Presentation on theme: "Assignment of PROSITE motifs to topological regions: Application to a novel database of well characterised transmembrane proteins Tim Nugent 6 Month Report."— Presentation transcript:
Assignment of PROSITE motifs to topological regions: Application to a novel database of well characterised transmembrane proteins Tim Nugent 6 Month Report 11-05-07
Identification of Transmembrane Regions To generate data for a plot, the protein sequence is scanned with a moving window of size 19-21 residues. At each position, the mean hydrophobic index of the amino acids within the window is calculated and that value plotted as the midpoint of the window. Aquaporin
The Positive Inside Rule Hydrophobic: Val, Phe, Ile, Leu, Met. Positive: Lys, Arg, His. Cytoplasmic loops are enriched in positively charged residues: the 'positive-inside rule' of von Heijne
Assembling a novel data set of transmembrane proteins In order to study and predict features of transmembrane proteins, the use of a high quality data set containing sequences with experimentally confirmed TM regions is essential. The data set was based on the widely used Möller test set (2001). Additional data was collected from MPTOPO, OPM, SWISSPROT and from the literature. Sequences were blasted against the PDB in order to identify entries for which the TM region had complete structural coverage. This set was then homology reduced at the 40% sequence identity level. The makeup of the final data set contains 141 sequences, all with available structures, verifiable topology and N-terminal locations. 111 Alpha-helical proteins 30 Beta-barrel proteins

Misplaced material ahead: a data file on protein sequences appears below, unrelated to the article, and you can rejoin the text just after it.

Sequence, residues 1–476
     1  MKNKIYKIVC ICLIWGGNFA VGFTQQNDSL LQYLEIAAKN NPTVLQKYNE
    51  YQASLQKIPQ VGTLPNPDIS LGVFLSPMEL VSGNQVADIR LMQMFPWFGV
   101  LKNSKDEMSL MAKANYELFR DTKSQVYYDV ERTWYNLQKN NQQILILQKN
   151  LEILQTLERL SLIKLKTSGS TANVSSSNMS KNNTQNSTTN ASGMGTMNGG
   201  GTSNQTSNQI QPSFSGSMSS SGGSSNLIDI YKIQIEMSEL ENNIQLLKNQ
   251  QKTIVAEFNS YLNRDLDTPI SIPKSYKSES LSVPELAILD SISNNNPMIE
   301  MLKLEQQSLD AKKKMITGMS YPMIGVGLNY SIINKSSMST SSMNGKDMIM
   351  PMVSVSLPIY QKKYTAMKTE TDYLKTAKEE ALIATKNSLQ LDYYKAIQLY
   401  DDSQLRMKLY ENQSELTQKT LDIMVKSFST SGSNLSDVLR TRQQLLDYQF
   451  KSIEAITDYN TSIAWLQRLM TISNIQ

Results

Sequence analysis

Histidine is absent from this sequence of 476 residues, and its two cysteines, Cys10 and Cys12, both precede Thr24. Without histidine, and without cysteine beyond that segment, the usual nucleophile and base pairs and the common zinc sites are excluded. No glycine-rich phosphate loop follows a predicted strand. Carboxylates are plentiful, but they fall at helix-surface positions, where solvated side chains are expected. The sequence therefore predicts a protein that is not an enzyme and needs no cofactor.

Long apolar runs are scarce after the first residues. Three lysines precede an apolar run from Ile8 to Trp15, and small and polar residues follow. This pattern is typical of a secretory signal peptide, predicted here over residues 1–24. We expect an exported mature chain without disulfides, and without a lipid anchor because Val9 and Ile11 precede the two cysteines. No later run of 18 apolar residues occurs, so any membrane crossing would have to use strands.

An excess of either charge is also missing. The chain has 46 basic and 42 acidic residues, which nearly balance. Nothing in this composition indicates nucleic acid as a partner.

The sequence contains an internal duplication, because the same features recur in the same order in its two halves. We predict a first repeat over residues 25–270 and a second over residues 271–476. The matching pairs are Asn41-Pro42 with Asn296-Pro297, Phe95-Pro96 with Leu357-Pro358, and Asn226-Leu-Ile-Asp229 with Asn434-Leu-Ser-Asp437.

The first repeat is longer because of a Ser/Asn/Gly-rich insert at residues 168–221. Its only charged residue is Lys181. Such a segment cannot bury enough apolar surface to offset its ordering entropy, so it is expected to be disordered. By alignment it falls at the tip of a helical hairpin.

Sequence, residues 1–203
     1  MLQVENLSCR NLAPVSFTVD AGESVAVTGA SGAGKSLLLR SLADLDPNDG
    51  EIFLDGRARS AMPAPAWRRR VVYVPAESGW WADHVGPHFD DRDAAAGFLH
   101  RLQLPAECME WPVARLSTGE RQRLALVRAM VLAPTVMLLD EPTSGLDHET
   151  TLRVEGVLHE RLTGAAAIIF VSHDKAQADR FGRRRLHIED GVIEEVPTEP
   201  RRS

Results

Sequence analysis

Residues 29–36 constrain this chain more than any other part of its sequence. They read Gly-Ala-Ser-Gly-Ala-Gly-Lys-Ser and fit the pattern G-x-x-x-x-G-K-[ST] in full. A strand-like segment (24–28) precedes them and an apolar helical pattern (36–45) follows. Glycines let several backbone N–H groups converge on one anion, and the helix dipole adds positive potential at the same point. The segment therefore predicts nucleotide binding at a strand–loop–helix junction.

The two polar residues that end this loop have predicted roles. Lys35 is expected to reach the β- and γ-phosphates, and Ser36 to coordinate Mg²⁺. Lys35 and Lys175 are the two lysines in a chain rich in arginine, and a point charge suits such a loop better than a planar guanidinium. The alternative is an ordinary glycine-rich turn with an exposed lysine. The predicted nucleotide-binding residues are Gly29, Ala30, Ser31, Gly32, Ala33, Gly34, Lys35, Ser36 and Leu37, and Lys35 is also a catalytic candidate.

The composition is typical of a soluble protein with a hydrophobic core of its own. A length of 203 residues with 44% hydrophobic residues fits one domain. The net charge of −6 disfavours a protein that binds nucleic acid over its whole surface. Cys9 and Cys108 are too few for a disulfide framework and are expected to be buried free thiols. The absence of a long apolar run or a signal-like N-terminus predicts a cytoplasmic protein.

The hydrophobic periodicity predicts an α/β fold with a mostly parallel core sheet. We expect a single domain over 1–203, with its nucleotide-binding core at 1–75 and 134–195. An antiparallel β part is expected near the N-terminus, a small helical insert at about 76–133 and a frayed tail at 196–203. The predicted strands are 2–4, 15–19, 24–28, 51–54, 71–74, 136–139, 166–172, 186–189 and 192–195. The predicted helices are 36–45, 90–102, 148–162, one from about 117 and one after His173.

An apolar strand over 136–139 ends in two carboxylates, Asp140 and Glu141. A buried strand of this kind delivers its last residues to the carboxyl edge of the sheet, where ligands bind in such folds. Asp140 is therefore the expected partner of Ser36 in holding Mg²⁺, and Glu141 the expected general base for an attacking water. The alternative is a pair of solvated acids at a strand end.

Assignment of PROSITE motifs to topological regions We next explored the possibility that motifs from the PROSITE database could be used as constraints in subsequent topology prediction steps, by identifying a bias in their inside/outside frequency. Extracelullar Cytoplasm
A Bioperl module to draw transmembrane proteins
Conclusions I have successfully achieved my major goal for the first 6 months - to create a high quality dataset of transmembrane proteins of known topology. My second goal - to scan the novel data set against motif and domain databases to identify signatures which were consistently located on either inside or outside loops - has also been completed. In collaboration with Dr Sara Mole (MRC Laboratory for Molecular Cell Biology), I have begun an analysis of CLN3 (Batten's Disease protein) with a view to predicting the protein's topology using a combination of computational and experimental evidence. I have written a module using Perl to create graphical representations of transmembrane proteins given the positions of their transmembrane helices and the location of the N-terminal. This module has been accepted by the Bioperl project and will be available in the next release.